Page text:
The cash benefits payable and the period for which they are payable are not adequate. The Madras Government states that the benefit of 8 annas per day may be raised to 12 annas per day or the average daily earning of a worker whichever is higher. The Bengal Government considers that the amount of benefit should be adjusted to the cost of living obtaining at the time of claim, although the payment should be basically a flat rate and not de-pendent upon a calculated average of previous earnings, The Chief Inspector of Factories, C.I.P & Berar, suggests that, provision may be, made for payment of benefit at enhanced rates than average wages wages if recommended by medical authorities on grounds (of health. The All India Trade Union Congress suggests that the cash benefits should not be less than the actual average, wage of the employee and that the minimum period for which benefits are paid should be 6 weeks before and 6 weeks after me confinement. "The Indian Jute Mills Association considers that both, the cash benefits and the period for which they are payable are not adequate and that the period of 4 weeks with pay pre- ceding delivery should be altered to 6 weeks at least, if not 8 weeks. We suggest that the benefit should not be less than the actual average wage of the women and that the period should be extended to 12 weeks, that is, six weeks before and six, weeks after confinement as recommended in the I. L. 0. convention.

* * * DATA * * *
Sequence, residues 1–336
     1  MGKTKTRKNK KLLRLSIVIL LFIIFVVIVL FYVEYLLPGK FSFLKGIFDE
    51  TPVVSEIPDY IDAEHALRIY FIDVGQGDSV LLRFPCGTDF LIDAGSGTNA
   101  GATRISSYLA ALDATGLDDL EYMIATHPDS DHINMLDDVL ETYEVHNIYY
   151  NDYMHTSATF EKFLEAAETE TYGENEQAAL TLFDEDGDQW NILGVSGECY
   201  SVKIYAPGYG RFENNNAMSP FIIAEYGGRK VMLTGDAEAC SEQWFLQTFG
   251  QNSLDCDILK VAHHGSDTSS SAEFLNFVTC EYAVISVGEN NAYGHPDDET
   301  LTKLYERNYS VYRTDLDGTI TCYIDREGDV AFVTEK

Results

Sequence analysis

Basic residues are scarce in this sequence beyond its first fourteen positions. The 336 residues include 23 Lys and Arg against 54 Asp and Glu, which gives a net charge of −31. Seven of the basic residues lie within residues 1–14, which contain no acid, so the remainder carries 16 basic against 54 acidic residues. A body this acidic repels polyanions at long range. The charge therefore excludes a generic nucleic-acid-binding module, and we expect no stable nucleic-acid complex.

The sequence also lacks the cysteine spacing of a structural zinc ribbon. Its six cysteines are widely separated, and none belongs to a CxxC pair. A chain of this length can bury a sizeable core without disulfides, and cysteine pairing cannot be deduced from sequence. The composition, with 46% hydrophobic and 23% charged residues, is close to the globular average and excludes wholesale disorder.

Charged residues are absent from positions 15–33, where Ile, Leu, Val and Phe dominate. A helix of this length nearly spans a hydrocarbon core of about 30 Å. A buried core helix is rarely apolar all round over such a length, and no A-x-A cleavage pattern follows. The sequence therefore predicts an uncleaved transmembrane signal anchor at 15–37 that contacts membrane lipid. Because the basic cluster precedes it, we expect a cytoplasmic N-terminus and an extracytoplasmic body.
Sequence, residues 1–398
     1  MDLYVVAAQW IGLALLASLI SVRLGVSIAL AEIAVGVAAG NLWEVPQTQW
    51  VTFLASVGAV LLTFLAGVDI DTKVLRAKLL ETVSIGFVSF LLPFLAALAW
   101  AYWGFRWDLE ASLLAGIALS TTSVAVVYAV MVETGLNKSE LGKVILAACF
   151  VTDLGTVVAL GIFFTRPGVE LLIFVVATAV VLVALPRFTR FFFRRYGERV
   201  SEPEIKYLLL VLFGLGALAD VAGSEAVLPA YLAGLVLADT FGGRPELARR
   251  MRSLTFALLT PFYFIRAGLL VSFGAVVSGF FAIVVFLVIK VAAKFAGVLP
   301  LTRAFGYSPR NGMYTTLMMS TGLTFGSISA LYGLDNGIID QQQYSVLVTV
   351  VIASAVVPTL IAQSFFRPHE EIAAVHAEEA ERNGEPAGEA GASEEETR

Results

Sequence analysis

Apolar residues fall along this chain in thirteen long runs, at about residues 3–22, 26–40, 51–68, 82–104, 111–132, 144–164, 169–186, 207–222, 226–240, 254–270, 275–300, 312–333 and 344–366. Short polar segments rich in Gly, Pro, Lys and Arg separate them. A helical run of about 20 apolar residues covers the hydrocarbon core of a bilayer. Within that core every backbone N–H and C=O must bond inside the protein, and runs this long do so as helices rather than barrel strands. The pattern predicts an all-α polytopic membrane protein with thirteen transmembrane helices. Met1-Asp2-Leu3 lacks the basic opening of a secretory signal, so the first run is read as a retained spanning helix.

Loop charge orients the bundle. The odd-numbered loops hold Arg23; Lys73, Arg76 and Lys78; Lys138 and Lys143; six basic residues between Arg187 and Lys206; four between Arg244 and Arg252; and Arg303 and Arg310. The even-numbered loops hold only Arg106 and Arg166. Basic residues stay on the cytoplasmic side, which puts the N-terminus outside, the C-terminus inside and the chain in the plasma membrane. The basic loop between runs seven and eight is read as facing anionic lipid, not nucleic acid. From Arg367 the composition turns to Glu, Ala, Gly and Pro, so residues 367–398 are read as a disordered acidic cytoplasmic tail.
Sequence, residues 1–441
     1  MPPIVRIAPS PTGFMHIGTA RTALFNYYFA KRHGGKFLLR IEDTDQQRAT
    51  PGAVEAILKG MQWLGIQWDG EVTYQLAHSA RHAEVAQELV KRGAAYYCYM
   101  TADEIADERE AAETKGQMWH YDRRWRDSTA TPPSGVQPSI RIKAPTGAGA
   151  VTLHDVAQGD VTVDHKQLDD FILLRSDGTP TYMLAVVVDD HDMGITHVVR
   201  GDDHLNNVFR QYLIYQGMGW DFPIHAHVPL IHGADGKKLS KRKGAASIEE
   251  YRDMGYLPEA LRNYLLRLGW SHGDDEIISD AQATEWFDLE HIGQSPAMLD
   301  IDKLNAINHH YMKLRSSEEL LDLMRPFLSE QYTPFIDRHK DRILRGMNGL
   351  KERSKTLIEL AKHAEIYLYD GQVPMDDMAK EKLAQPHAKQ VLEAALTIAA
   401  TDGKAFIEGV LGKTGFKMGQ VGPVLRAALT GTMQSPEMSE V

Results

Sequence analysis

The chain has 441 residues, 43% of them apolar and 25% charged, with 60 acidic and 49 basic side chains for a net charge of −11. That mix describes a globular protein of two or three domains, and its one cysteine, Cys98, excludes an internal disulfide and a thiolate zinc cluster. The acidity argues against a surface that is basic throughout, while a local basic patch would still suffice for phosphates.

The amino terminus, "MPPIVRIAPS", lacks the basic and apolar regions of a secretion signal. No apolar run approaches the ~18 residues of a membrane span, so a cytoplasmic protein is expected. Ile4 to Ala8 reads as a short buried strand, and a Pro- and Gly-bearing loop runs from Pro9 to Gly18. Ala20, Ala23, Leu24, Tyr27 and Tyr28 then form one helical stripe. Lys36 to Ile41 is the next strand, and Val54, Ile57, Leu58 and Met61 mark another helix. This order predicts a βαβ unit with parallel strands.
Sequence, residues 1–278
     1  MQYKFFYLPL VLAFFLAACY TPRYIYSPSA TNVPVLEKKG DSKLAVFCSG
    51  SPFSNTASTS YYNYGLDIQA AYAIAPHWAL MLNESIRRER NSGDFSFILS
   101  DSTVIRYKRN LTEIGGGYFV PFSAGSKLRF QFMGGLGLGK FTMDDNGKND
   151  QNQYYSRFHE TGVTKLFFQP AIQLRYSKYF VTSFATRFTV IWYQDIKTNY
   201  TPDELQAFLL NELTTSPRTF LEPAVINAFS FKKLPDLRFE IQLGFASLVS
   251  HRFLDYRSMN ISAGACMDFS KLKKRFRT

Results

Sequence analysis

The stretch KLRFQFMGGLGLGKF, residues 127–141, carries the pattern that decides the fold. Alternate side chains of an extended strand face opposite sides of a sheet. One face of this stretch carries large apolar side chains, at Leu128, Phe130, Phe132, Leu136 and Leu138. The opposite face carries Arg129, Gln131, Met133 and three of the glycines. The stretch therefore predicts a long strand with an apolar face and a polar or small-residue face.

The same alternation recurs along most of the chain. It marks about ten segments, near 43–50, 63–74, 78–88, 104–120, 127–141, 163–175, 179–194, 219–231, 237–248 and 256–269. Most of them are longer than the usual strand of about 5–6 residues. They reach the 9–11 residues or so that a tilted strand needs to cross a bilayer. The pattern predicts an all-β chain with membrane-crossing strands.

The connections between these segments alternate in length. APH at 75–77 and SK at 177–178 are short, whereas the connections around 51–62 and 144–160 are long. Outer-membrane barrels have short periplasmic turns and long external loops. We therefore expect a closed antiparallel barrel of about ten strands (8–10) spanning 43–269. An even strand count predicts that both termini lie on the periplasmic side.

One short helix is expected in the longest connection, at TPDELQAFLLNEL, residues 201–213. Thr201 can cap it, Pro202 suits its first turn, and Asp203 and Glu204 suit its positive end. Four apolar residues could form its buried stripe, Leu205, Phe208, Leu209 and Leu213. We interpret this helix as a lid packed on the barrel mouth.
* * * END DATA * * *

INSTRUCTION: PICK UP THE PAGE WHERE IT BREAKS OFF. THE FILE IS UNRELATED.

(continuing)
A few big concerns like cotton and jute mills and a few tea estates have maternity clinics where ante and post-natal treatment is given to women workers. But on The whole maternity clinics. for women workers may be said to be non-existent. The Indian Jute Mills Association aptly states, "in the absence of compulsory and free maternity clinics, expectant mothers are not given the care and attention they merit and the objects of the Maternity Benefit Act are not fully secured, viz., healthy babies and mothers".
Evasion of the Act by discharging pregnant women workers is particularly noticeable in glass and match factories and in tanneries. In some of the smaller tanneries of Cawnpore it 'was found that the names of women workers were not entered in the registers. There were also complaints that women, were employed through contractors in order to evade the Act. In Coir Mats and Matting industry in Travancore no maternity benefit was paid in several factories, not because no case had arisen, but because the women workers were, until recent, unconscious of their rights.
The working of the Act is most defective in seasonal factories, like rice mills, and cotton ginning and baling, etc. The Act is not at all respected in the rice mills, in spite of the fact that there are large numbers of women employed everywhere. The employers do not maintain any service registers and refuse to pay the benefit on the pretext that the women worker has not satisfied the qualifying period of 9 months. The main loop-hole in seasonal factories is that the qualifying period is not fulfilled and we suggest that it might be reduced to four months.
Assurance of the benefit to women employed through contractors depends to a large extent upon the accurate maintenance by them of the Registers of Workers and Wages under the Factories Act and the payment of Wages Act respectively, and until that is secured contract labour will be deprived of the protection of the Act.